Vintage Time Machines: 1959 Gretsch 6130 Round-Up

With a pair of Filter’Trons onboard but no G brand, this 1959 Gretsch Round-Up is a rare bird indeed…

vintage gretsch electric guitar
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Of all the major American guitar brands of the 1950s and 60s, none were as willing as Gretsch to incorporate out-there design elements.

From the artificial f-holes seen on guitars such as the Tennessean to the lavish gold hardware and glitzy binding of the iconic White Falcon, the Brooklyn firm built instruments with distinct visual flair and was never afraid to embrace trends of the day.

In the case of this month’s Reverb.com featured guitar – a 1959 Gretsch 6130 Round-Up – this manifests in a unique country and western motif that was designed to match popular country music and TV tropes of the decade.

These guitars include honky-tonk belt buckle tailpieces and leather bands on the outer edge of the body, tooled with cacti and longhorn heads. It’s about as delightfully Nashville as electric guitars get.

This particular Round-Up is listed for sale on Reverb.com by Regent Sounds of Denmark Street, and is a rare Gretsch indeed. Offered originally in 1954, the earliest Round-Up models featured a prominent G brand for Gretsch on knotty pine tops, which rested on chambered mahogany bodies, as well as block (later, hump-topped) fretboard inlays.

While still relatively rare, the earlier editions of this model, from ’54 through ’56, are more common than those from later in the decade. By the time our Round-Up rolled off the line in 1959, the model had become a special-order option from Gretsch, not appearing in its main catalogue.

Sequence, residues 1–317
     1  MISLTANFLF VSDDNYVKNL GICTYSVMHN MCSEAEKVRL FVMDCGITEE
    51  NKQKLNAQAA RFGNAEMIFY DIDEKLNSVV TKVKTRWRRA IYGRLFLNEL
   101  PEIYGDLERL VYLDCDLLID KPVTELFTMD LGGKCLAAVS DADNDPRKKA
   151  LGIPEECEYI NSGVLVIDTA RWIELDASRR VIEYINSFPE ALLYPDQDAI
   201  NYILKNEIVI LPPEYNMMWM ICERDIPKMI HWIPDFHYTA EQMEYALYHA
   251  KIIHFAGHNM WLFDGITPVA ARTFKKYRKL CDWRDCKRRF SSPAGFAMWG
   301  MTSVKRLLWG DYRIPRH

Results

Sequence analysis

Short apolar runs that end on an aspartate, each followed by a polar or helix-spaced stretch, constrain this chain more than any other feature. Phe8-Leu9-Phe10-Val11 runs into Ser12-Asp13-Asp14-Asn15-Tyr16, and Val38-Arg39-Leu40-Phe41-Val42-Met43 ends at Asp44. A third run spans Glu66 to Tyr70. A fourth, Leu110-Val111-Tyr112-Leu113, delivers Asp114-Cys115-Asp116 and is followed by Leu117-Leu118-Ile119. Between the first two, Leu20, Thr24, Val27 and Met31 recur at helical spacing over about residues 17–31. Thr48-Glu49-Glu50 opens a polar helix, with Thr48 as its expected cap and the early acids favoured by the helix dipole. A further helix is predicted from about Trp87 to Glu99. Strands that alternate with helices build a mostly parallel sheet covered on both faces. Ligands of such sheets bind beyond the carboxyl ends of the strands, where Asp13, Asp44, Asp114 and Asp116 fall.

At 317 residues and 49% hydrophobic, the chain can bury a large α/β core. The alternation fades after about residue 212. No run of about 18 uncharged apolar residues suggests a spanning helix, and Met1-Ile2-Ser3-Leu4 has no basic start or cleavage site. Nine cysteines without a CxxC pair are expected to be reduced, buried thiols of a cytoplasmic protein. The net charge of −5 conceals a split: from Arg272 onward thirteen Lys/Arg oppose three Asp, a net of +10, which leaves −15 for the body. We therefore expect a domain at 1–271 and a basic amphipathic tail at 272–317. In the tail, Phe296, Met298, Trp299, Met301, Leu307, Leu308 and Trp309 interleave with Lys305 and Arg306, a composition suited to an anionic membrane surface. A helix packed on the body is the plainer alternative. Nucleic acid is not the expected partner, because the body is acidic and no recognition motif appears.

By this point, Gretsch chambered-body electrics such as the Duo Jet had seen some updates, which are reflected here. For one, the inlays switched to the thumbnail inlays seen on most Gretsches in the late 50s and 60s.

More notable still, this 1959 model features two humbucking Filter’Tron pickups, which replaced the earlier DeArmond Dynasonic pickups in 1958.

While finding any 50s Round-Up with all of its original flair intact is uncommon, finding one without a G brand on the body and with a set of Filter’Trons is perhaps a once-in-a-lifetime occurrence for a Gretsch collector. It’s a unique and fascinating piece, and one that reveals much about how Gretsch built and marketed its instruments in this period.

Vital Statistics 1959 Gretsch 6130 Round-Up
• Price £10,000
• Year 1959
• Type Solidbody electric guitar
• Build Chambered mahogany
• Reverb Seller Regent Sounds Reverb.com/Regent
• See More Reverb.com/uk

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